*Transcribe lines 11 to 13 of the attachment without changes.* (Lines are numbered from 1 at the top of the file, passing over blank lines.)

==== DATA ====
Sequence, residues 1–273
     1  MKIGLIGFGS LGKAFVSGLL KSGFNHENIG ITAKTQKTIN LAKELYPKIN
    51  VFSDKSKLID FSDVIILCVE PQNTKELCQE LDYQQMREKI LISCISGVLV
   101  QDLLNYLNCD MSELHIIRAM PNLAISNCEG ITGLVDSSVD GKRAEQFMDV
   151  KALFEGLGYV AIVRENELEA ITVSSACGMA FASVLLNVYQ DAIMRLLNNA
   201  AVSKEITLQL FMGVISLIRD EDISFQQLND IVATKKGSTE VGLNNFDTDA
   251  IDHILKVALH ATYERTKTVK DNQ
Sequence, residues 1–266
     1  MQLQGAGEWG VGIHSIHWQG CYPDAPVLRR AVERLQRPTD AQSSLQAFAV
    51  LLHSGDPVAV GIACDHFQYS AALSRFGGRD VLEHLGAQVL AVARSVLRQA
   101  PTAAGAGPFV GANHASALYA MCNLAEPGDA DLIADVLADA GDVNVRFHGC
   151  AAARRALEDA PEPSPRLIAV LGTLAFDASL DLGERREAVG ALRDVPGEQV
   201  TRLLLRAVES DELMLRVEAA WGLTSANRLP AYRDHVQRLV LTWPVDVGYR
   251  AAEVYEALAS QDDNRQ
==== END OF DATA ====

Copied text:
   101  PTAAGAGPFV GANHASALYA MCNLAEPGDA DLIADVLADA GDVNVRFHGC
   151  AAARRALEDA PEPSPRLIAV LGTLAFDASL DLGERREAVG ALRDVPGEQV
   201  TRLLLRAVES DELMLRVEAA WGLTSANRLP AYRDHVQRLV LTWPVDVGYR